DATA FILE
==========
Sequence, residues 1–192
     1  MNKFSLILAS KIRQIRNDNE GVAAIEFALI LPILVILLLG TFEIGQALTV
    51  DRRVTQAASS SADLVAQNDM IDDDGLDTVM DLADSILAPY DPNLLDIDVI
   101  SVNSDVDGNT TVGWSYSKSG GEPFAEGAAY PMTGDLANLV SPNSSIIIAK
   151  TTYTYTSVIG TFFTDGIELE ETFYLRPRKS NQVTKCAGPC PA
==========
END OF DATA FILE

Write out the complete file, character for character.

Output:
Sequence, residues 1–192
     1  MNKFSLILAS KIRQIRNDNE GVAAIEFALI LPILVILLLG TFEIGQALTV
    51  DRRVTQAASS SADLVAQNDM IDDDGLDTVM DLADSILAPY DPNLLDIDVI
   101  SVNSDVDGNT TVGWSYSKSG GEPFAEGAAY PMTGDLANLV SPNSSIIIAK
   151  TTYTYTSVIG TFFTDGIELE ETFYLRPRKS NQVTKCAGPC PA